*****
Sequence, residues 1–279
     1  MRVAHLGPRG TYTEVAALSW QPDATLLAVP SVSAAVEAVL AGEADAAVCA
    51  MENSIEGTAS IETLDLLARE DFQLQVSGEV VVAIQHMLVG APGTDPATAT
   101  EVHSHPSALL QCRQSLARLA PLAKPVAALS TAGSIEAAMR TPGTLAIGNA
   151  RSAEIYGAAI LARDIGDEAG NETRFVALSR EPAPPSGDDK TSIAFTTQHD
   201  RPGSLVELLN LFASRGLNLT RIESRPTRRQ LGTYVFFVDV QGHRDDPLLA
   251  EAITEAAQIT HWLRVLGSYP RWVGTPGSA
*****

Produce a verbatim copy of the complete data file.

Sequence, residues 1–279
     1  MRVAHLGPRG TYTEVAALSW QPDATLLAVP SVSAAVEAVL AGEADAAVCA
    51  MENSIEGTAS IETLDLLARE DFQLQVSGEV VVAIQHMLVG APGTDPATAT
   101  EVHSHPSALL QCRQSLARLA PLAKPVAALS TAGSIEAAMR TPGTLAIGNA
   151  RSAEIYGAAI LARDIGDEAG NETRFVALSR EPAPPSGDDK TSIAFTTQHD
   201  RPGSLVELLN LFASRGLNLT RIESRPTRRQ LGTYVFFVDV QGHRDDPLLA
   251  EAITEAAQIT HWLRVLGSYP RWVGTPGSA